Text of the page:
Rapping about Cock a Leekie soup? You’d better believe it.
The re-release of Young Fathers is developing into something of a hit chez nous. It’s diverse, sharp, and in many respects an attractive, approachable record. Because of all of that it’s (sadly) all too short. Still, Tape One is snappy – packed full of smart observations too, often lists of words, and with a fierce focus given to their message; RRamada and Sister sound like sharp tales of love and (for want of a better moniker) “street fun”… It’s funny stuff in its own way. There’s a nice sense of balance and proportion to the content, despite the raps being pretty wry and lugubrious in their execution. Deadline sounds like a roll call of hard luck stories, set to a simple and effective chant and at times – such as on Remains - things get closer to the sort of heady messages / surreal streams of consciousness that Clinton used to knock out on things like Tales of Kid Funkadelic. Rapping about Cock a Leekie soup? You’d better believe it.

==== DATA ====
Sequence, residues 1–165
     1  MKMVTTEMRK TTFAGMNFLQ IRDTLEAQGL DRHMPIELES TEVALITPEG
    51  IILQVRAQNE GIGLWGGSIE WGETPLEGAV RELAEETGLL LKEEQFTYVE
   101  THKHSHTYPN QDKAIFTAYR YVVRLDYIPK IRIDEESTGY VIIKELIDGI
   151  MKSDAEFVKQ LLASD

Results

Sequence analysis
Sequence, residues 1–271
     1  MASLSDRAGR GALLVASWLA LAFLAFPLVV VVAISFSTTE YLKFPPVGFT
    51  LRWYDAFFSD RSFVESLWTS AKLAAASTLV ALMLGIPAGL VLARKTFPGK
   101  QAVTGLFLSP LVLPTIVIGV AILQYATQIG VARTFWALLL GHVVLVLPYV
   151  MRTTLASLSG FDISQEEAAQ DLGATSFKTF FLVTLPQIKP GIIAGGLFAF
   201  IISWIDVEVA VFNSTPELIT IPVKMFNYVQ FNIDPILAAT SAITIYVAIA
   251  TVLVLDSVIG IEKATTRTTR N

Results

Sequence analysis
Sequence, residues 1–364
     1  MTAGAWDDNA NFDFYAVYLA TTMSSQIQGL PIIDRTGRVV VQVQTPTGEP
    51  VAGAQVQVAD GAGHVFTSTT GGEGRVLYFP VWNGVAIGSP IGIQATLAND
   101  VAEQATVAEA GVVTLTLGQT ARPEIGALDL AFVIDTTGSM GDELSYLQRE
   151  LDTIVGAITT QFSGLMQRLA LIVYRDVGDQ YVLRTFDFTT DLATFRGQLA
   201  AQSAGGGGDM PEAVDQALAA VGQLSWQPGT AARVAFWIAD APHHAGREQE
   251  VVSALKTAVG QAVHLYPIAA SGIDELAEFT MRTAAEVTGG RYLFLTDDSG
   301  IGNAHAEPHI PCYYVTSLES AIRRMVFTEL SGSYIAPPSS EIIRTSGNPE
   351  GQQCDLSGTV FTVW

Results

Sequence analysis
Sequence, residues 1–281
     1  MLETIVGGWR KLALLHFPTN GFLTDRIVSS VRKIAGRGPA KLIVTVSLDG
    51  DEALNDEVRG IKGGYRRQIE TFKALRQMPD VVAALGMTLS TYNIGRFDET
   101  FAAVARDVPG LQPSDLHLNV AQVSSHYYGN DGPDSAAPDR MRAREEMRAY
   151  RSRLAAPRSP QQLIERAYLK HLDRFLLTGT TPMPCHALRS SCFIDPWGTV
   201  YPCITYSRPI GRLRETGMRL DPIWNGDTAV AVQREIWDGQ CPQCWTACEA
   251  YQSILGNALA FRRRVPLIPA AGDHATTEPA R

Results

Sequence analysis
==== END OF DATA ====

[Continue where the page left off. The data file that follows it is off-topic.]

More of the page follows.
But what really sets this record of is the interplay of atmospherics, their music is really, really strong in this regard, simply put you get carried along by the sound into accepting the message: Romance is a slightly grimy, bouncing rap with a daft synth coda, a squidgy underwater reggae, a glutinous patina of scratchy, tinny sounds laid on top. There’s a certain cheekiness about it, and Fortunes is at turns an address and a whoopalong prayer meeting. Why the marvellous Dar-Eh Dar Da Du, with its reedy Casio line and whispered vocals instantly reminded me of High Class Butcher by Julian Cope is just one of life’s mysteries. No matter if it doesn’t for you, it’s a great track, full of charm and a driven on by a tub-thumping goblin beat.
It’s a great listen.